If you read our launch piece, you’ve probably already heard and and seen much of what I’m going to talk about regarding the Surround’s camera. That said, things have been fleshed out a bit since the launch piece.
First off, the Surround packs a 5 megapixel camera with LED flash. Photos are 2592 x 1944 on the Surround and average around
4.5 MB between 700 kilobytes and 1.6 MB (update: mistake on my part), which translates to a lot of compression. Interestingly enough, the WP7 camera interface on the HTC Surround only lets you change shooting resolution (from VGA to 5 MP in 1 MP steps), not how much photos are compressed. The camera again can be launched either by holding the camera button for 4 seconds with the device off, by pressing the button while it is on, or by launching it from the applications list. Launch is pretty speedy averaging almost exactly 2 seconds from tap to live preview.
When I put the photos in our smartphone camera bench gallery, I accidentally missed one - the very last one. When I settled on the locations for our camera bench, I didn’t realize that the one at the very end would actually be the most useful. It features a wide range of colors, varying spatial frequencies (small and large objects on various backgrounds), and best of all, controlled lighting. Anyhow, that photo is now in the gallery and below:
Likewise, there are photos from the Surround in our more controlled lightbox tests with the lights on and off:
The photo taken with the Surround in the dark does have a noticeably blue cast which is a bit strange, and illumination isn’t as even as some of the dual LED flash phones. That said, exposure in the center is dead on even in the darkness.
Unfortunately, WP7 (at least on the Surround) neglects to illuminate the scene with the LED flash while running the autofocus routine with the shutter button pressed halfway down. The result is that shooting photos in darkness or near darkness results in missed focus a lot of the time. The capture flash in darkness is double - one dim followed closely by one bright, so it’s obviously pre-illuminating the scene with the flash for the sake of metering, and then capturing, but focus is somehow left out.
This is admittedly something that a ton of smartphone vendors are getting wrong in their products, but I’d like WP7 to get it right. If there’s an LED flash onboard that can be left on continually without overheating, use it to illuminate the scene during autofocus, tap to focus, or whenever showing a preview in pitch darkness. Just do it. Otherwise it’s virtually impossible to compose the scene or know if you’re at focus. For devices with a Xenon flash, obviously this isn’t possible, but it’d be nice to see continual illumination leveraged in a useful manner whenever possible.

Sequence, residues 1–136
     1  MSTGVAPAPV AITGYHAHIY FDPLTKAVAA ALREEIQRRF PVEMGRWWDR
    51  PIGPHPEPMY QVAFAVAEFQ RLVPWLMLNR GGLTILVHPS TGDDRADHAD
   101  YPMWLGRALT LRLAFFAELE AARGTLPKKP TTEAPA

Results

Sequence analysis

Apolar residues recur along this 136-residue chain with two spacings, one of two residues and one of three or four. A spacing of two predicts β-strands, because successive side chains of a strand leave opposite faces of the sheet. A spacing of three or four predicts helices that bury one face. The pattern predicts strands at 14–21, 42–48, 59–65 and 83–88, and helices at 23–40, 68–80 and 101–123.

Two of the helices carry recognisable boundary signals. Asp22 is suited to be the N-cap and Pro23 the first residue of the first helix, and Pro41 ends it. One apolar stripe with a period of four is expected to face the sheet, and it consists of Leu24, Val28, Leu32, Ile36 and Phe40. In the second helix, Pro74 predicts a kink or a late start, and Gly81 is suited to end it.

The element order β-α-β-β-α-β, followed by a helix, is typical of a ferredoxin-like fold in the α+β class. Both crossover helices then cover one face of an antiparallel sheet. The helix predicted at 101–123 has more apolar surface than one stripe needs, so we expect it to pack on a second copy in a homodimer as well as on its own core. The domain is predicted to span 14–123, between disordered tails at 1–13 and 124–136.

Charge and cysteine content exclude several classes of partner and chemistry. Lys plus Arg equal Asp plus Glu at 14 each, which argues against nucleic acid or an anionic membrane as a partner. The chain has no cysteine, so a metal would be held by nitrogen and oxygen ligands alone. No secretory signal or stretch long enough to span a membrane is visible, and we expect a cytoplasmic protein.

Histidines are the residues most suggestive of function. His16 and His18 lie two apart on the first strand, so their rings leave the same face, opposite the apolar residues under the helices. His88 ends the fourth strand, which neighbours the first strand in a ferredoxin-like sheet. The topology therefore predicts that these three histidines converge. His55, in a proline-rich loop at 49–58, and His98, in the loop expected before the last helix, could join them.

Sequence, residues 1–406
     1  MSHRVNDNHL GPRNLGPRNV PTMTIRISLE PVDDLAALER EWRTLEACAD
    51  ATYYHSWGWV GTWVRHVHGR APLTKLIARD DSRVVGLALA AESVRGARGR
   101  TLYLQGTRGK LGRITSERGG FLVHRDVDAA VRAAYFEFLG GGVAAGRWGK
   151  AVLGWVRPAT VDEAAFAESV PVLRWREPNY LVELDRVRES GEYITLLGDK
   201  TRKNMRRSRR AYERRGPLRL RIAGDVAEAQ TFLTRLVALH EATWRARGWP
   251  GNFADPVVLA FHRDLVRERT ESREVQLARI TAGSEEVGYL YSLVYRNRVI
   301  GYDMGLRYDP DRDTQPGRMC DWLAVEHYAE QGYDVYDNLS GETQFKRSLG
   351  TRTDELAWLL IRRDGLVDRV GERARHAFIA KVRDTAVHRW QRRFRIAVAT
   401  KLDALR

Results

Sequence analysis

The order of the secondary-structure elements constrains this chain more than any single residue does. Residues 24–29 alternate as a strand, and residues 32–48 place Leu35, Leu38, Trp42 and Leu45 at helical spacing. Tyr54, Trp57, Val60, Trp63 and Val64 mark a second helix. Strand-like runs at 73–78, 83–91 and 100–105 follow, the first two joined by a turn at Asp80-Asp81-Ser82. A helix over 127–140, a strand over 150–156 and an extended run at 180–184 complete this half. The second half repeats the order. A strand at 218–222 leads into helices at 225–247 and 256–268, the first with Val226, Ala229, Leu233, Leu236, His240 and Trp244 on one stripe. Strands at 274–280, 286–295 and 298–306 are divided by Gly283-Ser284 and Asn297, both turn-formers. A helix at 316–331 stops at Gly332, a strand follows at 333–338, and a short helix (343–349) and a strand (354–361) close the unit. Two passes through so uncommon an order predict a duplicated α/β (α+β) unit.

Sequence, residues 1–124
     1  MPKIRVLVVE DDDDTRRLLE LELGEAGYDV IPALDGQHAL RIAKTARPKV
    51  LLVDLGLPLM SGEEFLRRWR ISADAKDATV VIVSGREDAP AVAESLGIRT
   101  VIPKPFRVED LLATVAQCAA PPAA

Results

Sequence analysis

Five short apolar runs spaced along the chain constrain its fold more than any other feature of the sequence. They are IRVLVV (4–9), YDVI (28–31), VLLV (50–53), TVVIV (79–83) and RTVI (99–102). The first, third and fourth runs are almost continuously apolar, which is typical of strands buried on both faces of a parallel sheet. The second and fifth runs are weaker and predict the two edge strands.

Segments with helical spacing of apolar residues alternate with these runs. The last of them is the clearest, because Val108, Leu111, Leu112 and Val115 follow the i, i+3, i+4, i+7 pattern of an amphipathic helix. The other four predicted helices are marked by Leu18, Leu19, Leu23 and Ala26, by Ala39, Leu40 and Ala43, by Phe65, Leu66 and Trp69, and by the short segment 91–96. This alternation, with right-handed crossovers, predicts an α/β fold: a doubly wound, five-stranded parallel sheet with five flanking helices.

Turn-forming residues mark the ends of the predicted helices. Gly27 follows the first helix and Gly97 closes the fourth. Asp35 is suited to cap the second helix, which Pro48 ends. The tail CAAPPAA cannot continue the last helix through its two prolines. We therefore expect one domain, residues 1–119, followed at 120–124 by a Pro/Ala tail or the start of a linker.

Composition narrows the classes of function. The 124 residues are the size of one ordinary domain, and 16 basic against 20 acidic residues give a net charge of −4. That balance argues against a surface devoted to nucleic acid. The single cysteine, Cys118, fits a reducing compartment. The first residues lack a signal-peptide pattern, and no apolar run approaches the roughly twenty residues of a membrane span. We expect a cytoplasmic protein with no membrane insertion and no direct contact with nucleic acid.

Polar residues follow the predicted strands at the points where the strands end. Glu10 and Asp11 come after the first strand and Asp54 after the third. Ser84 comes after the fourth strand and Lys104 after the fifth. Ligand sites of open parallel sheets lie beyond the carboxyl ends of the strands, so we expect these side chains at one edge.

In good illumination, the Surround’s camera isn’t much better than HTC’s other cameras I’ve tested thus far. Specifically, there’s a ton of extra sharpness that is being added, which is very apparent when viewing almost any of the images 1:1. The level of sharpness rivals (if not exceeds) the HTC Incredible.
But what’s strange about the Surround is that its focal plane is very curved. Check out this photo of the ground taken completely normal to it.
Note how field dependent focus is. It’s clear there’s some very field dependent aberrations (most dominantly, field curvature) contributing to a strong increase in softness at the edges. The Surround is the first device I’ve noticed with so much field curvature that I felt it was worth noting, but I’m going to start rigorously testing more smartphone cameras for it. Overall, I’m not super impressed with the Surround’s camera. It’s totally fine for casual throwaway shots, but still reminds me a lot of the Nexus One’s all around mediocre performance. You can compare for yourself and see in the galleries.